Following in its heels could be the newest player in the market – an Abu Dhabi-based budget airline. Arabic daily Al Khaleej reported in December 2009 that an undisclosed Abu Dhabi-based investment company has announced firm plans to launch a new low cost carrier in 2010, operating short and medium haul services to regional cities. More details could be forthcoming soon.

Regional contenders

Kuwait's Jazeera Airways plans to expand its reach through the acquisition of another carrier from a non-GCC country, rather than launching a second hub on its own, to increase its network to 82 routes over the next five years. Jazeera Chairman Marwan Boodai said the carrier is in the process of talking to a number of companies, and is likely to close a deal this year. After being forced to close its Dubai hub due to regulatory issues, the carrier expects to report a profitable outcome for 2010, after reporting losses in the first half of 2009. Losses for the nine months ended September 2009 totalled KD1.5m (Dh19.03bn).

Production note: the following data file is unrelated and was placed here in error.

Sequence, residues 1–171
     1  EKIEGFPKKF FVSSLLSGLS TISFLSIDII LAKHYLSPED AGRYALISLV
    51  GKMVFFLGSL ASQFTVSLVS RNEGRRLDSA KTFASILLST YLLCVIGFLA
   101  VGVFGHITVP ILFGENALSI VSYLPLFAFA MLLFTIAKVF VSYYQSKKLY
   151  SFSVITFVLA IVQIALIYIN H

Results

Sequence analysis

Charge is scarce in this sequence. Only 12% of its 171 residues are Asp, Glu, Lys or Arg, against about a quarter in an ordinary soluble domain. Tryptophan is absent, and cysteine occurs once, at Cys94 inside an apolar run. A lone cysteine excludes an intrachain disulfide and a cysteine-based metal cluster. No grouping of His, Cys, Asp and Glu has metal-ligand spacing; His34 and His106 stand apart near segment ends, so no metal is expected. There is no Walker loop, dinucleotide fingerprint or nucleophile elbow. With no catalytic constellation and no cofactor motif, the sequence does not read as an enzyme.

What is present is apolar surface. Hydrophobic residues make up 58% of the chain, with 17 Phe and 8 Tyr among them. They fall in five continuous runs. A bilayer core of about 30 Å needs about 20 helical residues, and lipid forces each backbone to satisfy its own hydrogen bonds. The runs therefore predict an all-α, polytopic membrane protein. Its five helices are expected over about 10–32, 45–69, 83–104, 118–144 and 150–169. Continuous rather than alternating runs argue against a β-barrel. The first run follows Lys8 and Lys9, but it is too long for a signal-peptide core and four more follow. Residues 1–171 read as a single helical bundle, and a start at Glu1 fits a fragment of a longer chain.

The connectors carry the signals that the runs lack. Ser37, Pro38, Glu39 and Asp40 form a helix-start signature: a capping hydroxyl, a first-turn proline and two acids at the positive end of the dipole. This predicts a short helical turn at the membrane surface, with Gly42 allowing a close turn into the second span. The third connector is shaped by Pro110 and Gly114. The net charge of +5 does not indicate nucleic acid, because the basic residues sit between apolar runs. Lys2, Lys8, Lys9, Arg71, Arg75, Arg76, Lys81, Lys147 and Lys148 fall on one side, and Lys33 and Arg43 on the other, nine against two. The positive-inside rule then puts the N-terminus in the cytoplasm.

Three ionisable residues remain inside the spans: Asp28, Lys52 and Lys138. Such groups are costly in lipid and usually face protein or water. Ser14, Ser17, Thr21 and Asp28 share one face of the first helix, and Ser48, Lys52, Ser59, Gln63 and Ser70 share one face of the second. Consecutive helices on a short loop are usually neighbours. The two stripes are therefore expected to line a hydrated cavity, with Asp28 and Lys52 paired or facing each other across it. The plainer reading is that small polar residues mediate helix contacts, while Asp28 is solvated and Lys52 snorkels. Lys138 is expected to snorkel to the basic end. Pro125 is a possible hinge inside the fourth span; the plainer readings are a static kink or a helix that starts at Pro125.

The carrier now plans to focus operations on Kuwait and hopes to launch at least three new routes in 2010, potentially including services to Iraq, which it stated was a market it is interested in entering "very soon". Jazeera also expects to handle 2.2 million passengers in 2010.

The airline has announced firm orders for an additional 29 aircraft, scheduled for delivery from 2011 to 2016, to both expand its fleet and replace ageing aircraft.

This year, the Saudi-based nasair also plans to expand its network internationally, launching services to 11 cities by the end of March 2010, including the launch of scheduled India services, after previously only operating Haj services to the market.